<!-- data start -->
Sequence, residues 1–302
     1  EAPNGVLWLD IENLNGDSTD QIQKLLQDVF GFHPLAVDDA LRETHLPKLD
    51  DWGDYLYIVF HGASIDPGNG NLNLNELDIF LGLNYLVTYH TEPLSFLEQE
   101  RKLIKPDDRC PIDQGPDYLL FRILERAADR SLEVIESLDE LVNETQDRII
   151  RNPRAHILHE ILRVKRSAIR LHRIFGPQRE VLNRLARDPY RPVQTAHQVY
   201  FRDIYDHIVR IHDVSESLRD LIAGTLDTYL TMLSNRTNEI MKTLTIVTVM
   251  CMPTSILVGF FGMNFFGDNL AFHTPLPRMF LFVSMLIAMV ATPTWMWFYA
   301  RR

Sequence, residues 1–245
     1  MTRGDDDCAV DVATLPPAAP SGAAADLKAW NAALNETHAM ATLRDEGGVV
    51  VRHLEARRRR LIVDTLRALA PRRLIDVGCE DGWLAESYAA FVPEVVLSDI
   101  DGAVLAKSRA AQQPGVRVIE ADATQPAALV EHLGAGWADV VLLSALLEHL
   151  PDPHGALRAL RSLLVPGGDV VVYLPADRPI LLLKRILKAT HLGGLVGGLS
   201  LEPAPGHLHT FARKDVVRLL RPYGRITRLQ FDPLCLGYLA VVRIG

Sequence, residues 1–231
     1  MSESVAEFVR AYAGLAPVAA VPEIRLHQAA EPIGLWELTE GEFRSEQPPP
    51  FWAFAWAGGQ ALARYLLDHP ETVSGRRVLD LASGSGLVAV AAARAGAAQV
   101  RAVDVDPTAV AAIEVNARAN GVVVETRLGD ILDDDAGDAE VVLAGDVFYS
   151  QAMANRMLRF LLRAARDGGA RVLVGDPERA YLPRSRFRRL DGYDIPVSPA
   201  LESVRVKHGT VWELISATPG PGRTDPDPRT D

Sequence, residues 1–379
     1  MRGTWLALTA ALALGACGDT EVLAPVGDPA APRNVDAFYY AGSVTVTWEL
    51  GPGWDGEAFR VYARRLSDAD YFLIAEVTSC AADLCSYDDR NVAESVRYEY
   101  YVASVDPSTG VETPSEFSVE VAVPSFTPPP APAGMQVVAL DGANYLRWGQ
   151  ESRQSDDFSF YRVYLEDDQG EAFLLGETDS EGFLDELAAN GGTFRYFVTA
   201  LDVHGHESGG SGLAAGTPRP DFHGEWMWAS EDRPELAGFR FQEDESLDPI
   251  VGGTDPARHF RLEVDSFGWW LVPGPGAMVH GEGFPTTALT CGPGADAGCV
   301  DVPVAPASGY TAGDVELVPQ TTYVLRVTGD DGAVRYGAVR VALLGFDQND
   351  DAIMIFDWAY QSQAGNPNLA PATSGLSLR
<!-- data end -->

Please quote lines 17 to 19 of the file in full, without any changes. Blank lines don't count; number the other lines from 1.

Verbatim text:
    51  FWAFAWAGGQ ALARYLLDHP ETVSGRRVLD LASGSGLVAV AAARAGAAQV
   101  RAVDVDPTAV AAIEVNARAN GVVVETRLGD ILDDDAGDAE VVLAGDVFYS
   151  QAMANRMLRF LLRAARDGGA RVLVGDPERA YLPRSRFRRL DGYDIPVSPA